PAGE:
And Then There Were Five…

Just last summer, in July of 2021, Colorado joined California and Virginia, and became the third U.S. state with a comprehensive consumer privacy law. The Colorado Privacy Act is set to take effect in July 2023.

Hot on its heels, and within just two months of each other, first Utah in March of 2022, now Connecticut in May of 2022, passed privacy bills which will become effective in 2023.

So far, California remains the only state which allows for a private right of action in connection with its privacy bill. For more information, please see our comparison of the current U.S. state consumer privacy laws below.

For our unofficial redline of the CPRA, click here.

Follow these links for the official text of the CPRA, CPA, CTDPA, UCPA, and VCDPA.

To view and download a PDF version of this chart, click here.

Banner for PrivSec Global: A Global Live Stream Experience. 22-23 September 2021. The Largest Data Protection, Privacy and Security Event of 2021. Businesspeople smiling in the background of the banner.

Metaverse Law Speaks at PrivSec Global

On September 23, 2021 attorney Lily Li spoke at PrivSec Global: The Largest Data Protection, Privacy and Security Event of 2021. The Global Live Stream Experience was a two day event from September 22 to September 23, 2021.

The topic of discussion was “Why Most CCPA Cases Will Fail: Five Hurdles Plaintiffs Must Clear.” For more details on the topic and to watch the presentation on-demand, click here.

Image of virginia state and shield. Virginia has a new data privacy law.

Virginia Governor Signs Comprehensive Data Privacy Law

Image Credit: Kjrstie from Pixabay.

Following hot on the footsteps of the California Privacy Rights Act, Virginia Gov. Ralph Northam (D) signed the Consumer Data Protection Act on Tuesday, making Virginia the second state in the U.S. to pass a comprehensive data privacy law. Below, please see our comparison of the the California Consumer Privacy Act and the Virginia Consumer Data Protection Act.

California Consumer Privacy Act
(CCPA)
California Privacy Rights Act
(CPRA)
Virginia Consumer Data Protection Act
(VCDPA)
Date of effectJanuary 1, 2020January 1, 2023January 1, 2023
Law applies toA “business” that meets at least one threshold below:
• Generates over $25M in annual gross revenue;
• Handles the records of at least 50,000 California consumers; or
• Generates over 50% in annual revenue from sales of consumer data
Same as CCPA, except the threshold for handling records of California consumers increases from 50,000 to 100,000.Applies to businesses that
• Handles the records of at least 100,000 Virginia consumers; or
• Handles the records of at least 25,000 Virginia consumers and derives over 50% in gross revenue from sales of consumer data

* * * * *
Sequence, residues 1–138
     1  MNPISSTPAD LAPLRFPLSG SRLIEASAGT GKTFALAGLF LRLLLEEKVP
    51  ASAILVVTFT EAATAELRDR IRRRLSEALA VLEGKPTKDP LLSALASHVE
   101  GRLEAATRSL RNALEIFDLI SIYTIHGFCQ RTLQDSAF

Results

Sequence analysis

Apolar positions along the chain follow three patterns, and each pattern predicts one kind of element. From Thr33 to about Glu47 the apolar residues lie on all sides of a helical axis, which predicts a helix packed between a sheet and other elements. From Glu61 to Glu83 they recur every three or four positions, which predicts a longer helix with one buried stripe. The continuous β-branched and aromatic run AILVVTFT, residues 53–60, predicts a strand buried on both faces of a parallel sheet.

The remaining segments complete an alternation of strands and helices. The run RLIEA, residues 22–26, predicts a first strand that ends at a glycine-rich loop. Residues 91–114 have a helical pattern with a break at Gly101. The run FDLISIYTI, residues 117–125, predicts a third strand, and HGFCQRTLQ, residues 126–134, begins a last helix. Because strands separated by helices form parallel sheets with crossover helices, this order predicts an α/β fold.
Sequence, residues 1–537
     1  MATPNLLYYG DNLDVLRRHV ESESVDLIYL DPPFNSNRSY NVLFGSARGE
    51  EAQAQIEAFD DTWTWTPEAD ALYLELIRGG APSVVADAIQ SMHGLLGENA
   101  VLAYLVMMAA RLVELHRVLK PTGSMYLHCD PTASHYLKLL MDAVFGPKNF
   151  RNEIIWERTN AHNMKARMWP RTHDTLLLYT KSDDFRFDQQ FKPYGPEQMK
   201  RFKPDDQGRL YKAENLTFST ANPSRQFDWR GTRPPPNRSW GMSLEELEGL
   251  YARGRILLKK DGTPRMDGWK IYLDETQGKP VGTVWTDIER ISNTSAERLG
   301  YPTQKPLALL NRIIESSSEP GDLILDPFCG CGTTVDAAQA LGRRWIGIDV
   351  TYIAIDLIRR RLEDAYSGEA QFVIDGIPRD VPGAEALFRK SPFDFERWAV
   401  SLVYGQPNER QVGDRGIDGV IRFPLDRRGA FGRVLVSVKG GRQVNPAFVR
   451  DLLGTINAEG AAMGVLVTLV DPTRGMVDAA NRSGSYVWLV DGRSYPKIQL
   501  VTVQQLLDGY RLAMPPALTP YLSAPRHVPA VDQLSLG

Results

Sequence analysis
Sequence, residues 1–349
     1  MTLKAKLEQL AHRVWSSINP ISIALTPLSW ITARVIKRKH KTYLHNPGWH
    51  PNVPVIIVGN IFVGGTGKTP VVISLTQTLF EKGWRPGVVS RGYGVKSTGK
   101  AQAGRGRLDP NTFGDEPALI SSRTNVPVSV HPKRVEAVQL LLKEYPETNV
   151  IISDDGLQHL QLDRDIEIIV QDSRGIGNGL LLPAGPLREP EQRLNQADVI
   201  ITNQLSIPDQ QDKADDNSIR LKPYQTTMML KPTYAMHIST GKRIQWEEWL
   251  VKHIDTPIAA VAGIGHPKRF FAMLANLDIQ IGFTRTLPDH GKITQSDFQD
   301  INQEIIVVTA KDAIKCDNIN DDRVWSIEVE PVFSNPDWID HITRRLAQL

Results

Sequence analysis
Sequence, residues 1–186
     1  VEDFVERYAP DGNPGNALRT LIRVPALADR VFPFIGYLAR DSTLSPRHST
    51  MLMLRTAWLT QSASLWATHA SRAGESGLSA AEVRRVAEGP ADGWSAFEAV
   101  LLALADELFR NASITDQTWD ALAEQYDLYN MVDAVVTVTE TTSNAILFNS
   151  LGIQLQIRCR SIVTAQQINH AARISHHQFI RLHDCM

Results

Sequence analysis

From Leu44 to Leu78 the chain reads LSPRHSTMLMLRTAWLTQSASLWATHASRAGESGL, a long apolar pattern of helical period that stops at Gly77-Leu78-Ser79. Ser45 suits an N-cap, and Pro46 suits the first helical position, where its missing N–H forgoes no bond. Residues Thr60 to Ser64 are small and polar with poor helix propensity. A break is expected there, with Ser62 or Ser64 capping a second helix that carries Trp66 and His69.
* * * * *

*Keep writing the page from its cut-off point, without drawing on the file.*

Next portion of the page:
Definition of personal data
Any information that could be associated or linked with a particular consumer or household.Same as CCPA, except that there is a reasonableness element:
Any information that could be reasonably associated or linked with a particular consumer or household.
Limited to particular consumers.
“Any information that is linked or reasonably linkable to an identified or identifiable natural person”
Definition of sensitive personal dataDoes not define sensitive personal data.Defines sensitive personal data to include:
• Social security number
• Driver’s license
number
• Account log-in, debit,
or credit card number in combination with password or PIN
• Precise geolocation
• Racial/ethnic origins
• Religious or
philosophical beliefs
• Union membership
• Contents of e-mails or
texts to others
• Genetic/biometric
data
• Health information
• Sex life/sexual
orientation data
Defines sensitive personal data to include:
• Racial/ethnic origins
• Religious beliefs
• Mental or physical
health diagnosis
• Sexual orientation
• Citizenship/
immigration status
• Genetic/biometric
data
• Children’s data
• Precise geolocation
Consumer rights• Access
• Deletion
• Non-Discrimination
• Opt-out of:
o Sale of personal data
Same as CCPA, with the addition of rights to:
• Correct personal information
• Limit the use of
sensitive personal information
• Access
• Correction
• Deletion
• Port
• Opt-out of:
o Targeted advertising
o Sale of personal data
o Profiling in furtherance of decisions that produce legal effects
Data Privacy Impact AssessmentsNo requirement to conduct or document.No requirement to conduct or document.Controllers must conduct and document data protection assessments for the following activities:
• Targeted advertising
• Sale of personal data
• Profiling
• Sensitive data
• Catch-all: any data that presents a “heightened risk of harm to consumers.”
Data Protection AuthorityCalifornia Office of the Attorney General$10 million allocated per year to the California Privacy Protection Agency (CPPA).